by Terry Hargrove
Christmas is less than four months away. Damn. I’m up to my neck in toys from last Christmas, and all I want from Santa is some kind of guarantee that no one in my family is going to be a hoarder. I had to use a snow shovel this morning to clear a path to the refrigerator, and along the way I saw a football, basketball, baseball and bat, a pirate ship, a pirate cave, a helicopter, a bottom of the sea explorer ship, a dozen stuffed cats, a truck, some books, some trains, some games, and four fully equipped, 12-inch tall Marines. I’m not quite sure where the marines came from, but they‘re here now and I have to find a place for them. Oh, and my son, Joey, got a few toys, too.
But last year’s gift that Joey loves more than anything is the classic Candy Land game. He wanted to play right away, so we opened the cards, set up the board and we were off. Candy Land is great for kids. Can’t count? No problem, just draw a card and move to the colored space. Joey won the first game.
“Let’s play again,” he said. I shuffled the deck and the second game was on. He won again.
“One more time,” I laughed. I shuffled the deck, and that time Nancy won.
“OK,” Nancy said. “I think we need to start fixing dinner. That turkey has to cook a long time.”
“One more game,” I suggested. “Then we’ll start cooking.”
“There’s a lot to do,” she replied. “Besides, even Joey’s getting tired of the game.”
“No, I’m not,” he corrected her. “I want to play again.”
“So do I,” I said, then added sheepishly, “I haven’t won yet.”
So we played another game. Joey won. After dinner, we played four more times. Nancy won twice and Joey won twice. That night, I couldn’t sleep. Why couldn’t I win at Candy Land?
Now I know all about creepy board games. When I was ten, my sisters asked a Ouija board when I was going to die, and the answer was 2010. Then they asked how old I would be when I died, and the Ouija board said 55. Knowing how terrible my sisters were at math, I was kind of concerned. But 2010 was a long way off in 1965, but now it’s just… it’s just…Good Lord! It’s 2010! I’ll worry about that later. My immediate concern is why I can’t win at Candy Land. It’s been eight months and I still haven’t won. Oh, I’ve come close, so very close. Once, I made it all the way to King Kandy’s elbow, only to draw the ice cream cone card. 32 spaces backward I went, and Joey won the game. The very next day, I was on the red square, two spaces from winning, when I drew the lollypop card. Damn lollypop card! I was pushed back 42 spaces, but I fought my way back to the same red space, only to draw the dreaded gum drop card. I was going nuts! What does it take for me to win this stupid game?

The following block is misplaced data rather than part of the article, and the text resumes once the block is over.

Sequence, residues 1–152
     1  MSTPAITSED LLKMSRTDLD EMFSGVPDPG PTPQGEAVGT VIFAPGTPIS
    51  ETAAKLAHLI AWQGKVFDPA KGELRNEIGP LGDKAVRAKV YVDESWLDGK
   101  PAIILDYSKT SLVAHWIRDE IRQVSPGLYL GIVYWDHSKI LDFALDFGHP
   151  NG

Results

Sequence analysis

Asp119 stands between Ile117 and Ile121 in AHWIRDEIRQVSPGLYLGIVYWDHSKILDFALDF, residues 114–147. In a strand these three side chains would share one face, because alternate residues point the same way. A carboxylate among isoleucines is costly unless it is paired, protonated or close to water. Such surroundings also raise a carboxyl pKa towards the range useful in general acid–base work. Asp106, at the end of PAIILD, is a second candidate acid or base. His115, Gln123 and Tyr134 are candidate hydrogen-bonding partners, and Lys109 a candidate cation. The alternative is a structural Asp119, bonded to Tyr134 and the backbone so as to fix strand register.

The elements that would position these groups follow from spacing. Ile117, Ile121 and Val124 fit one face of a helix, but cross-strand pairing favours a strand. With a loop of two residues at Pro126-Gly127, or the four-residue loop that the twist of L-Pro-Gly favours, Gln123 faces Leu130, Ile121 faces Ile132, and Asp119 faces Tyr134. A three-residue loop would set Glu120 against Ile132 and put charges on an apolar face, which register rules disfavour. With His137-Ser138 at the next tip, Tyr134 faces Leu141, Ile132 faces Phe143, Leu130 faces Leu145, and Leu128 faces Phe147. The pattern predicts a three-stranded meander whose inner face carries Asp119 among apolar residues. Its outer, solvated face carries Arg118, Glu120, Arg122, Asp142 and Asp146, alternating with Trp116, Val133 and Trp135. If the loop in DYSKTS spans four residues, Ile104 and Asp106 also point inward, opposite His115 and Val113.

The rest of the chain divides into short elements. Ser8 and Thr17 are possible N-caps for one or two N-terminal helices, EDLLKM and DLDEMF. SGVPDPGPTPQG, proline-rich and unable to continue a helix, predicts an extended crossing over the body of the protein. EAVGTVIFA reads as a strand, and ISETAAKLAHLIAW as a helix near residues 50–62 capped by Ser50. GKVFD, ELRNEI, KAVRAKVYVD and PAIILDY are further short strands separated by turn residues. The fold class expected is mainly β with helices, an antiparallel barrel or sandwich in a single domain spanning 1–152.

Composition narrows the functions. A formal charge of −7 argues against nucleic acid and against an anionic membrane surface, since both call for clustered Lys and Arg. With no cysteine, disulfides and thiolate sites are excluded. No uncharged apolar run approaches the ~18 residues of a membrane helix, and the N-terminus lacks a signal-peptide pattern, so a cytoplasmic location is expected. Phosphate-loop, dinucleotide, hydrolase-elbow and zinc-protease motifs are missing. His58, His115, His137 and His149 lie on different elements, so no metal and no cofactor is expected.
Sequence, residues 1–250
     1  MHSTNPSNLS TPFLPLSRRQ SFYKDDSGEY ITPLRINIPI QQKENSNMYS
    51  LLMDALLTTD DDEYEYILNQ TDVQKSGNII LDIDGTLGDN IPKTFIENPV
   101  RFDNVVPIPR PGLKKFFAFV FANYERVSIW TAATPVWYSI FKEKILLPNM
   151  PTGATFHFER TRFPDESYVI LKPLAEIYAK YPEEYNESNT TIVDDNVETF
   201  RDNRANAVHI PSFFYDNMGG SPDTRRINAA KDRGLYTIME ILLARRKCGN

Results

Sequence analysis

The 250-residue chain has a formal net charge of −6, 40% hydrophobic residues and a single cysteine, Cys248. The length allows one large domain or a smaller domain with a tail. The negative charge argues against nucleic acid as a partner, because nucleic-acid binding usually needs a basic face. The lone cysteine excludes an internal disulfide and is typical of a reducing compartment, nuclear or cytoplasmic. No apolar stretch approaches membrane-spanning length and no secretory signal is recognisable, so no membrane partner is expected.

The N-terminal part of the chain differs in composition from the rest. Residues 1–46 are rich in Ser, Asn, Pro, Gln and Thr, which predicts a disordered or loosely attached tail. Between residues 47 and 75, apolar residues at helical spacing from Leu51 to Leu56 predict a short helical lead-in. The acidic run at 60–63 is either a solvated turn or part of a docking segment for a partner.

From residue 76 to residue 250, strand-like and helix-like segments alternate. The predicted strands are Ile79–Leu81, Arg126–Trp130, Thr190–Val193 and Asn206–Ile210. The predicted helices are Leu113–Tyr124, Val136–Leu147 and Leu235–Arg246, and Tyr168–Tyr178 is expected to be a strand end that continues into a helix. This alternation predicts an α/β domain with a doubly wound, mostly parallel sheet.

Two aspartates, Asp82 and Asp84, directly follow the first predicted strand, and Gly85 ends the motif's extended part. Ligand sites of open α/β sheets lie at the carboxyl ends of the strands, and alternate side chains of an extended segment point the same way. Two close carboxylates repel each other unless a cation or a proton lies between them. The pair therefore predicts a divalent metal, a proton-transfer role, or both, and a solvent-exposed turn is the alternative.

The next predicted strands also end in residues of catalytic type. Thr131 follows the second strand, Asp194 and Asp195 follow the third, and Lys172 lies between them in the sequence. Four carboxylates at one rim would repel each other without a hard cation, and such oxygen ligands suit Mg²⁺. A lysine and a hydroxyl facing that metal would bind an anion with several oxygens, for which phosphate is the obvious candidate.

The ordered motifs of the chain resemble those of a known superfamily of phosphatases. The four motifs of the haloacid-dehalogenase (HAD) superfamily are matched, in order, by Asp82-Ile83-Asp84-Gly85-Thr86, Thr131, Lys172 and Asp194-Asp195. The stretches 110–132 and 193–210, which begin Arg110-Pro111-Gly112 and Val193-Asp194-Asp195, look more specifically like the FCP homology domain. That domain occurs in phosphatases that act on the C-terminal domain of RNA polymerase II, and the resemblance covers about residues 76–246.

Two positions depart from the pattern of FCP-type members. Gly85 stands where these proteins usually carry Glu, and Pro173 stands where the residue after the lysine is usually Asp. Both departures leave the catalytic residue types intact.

I did a little statistical research. OK, I did very little research, but I knew that if only three of us were playing, my odds of winning were 1 in 3. If I kept Nancy away, my odds jumped to 50%. It didn’t help. Joey has won 117 games in a row. 117 in a row, did you hear that? Now he won’t play Candy Land with me, because my eyes scare him and he’s afraid of all the bad words I use when I draw those horrible food cards. I tried playing by myself, Candy Land Solitaire, but every time I got close to the end, I’d draw a card that hurled me back to the Peppermint Forest or Peanut Acres.
Now I’ve begun to dream about the characters on the board. They taunt me, and I can’t fight back.
“So, having a little trouble with the game, huh?” asked Mr. Mint.
“Yes,” I mumbled.
“Candy Land is for children,” chirped Princess Frostine. “It’s a game. The fun is in playing, not in winning or losing. If you want winning and losing, stick with sports or the stock market. Aren’t you ashamed?”
“If I say yes, can I win at Candy Land just once?” I asked.
“We don’t think you appreciate the spirit of the game,” thundered King Kandy. “And were it not for the fact that my kingdom is under threat from the farm animals your wife is dreaming about, we’d straighten you out the old fashioned way.”
“What? My dreams are fighting my wife’s dreams?”
“Of course they are,” laughed King Kandy. “You’re married, aren’t you? Don’t you ever watch Dr. Phil? Where did this blasted fog come from? Lord Licorice, have the sheep reached the chocolate swamp yet?”
“I don’t know. Gloppy? Any sign of farm animals?
“Noooooooo ooooo ooooo.”
“We have to go,” said Mr. Mint. “My, look at the time. It’s three quarters past 2010.”
“Remember,” screamed King Kandy. “Games aren’t about winning and losing. Even a Ouija board knows that. Games are all about fun. To arms! To arms.”
And then I woke up. I woke Nancy up as well.
“What in the world,” she mumbled. “It’s 3:15 in the morning. Are you sick?”
“There’s no time to explain. How often have I asked you to do something really strange?”
“213 times,” she replied. “I’ve been keeping count.”
“Well, you know the old saying. The 214th time is a charm. I need to play a game of Candy Land. Right now.”
“Honey, it’s a child’s game,” she said. “I’m sorry you haven’t won, but it’s just a game. It doesn’t matter that you never win.”
“I don’t want to win,” I said. “I just want to have fun. I think the Ouija board knew that if I didn‘t have fun playing Candy Land, I would die in 2010. It’s 2010, isn’t it? You wouldn‘t believe the dream I just had.”
“I think I’m dreaming now,” she yawned. “At least you don’t want to build another baseball field. OK, let’s play.”
We played twice. I don’t know who won, and I don’t care. It was fun. Really.
Naturally, this morning I acted as though I didn’t know what Nancy was talking about.
“I woke you up in the middle of the night to play Candy Land?” I scoffed. “I think it’s time to lay off the sparkling wine, dear.”
She also wanted to know how her side of the bed came to be covered in chocolate and plastic farm animals. But if I wasn’t going to confess to the other, I sure wasn’t about to confess to that.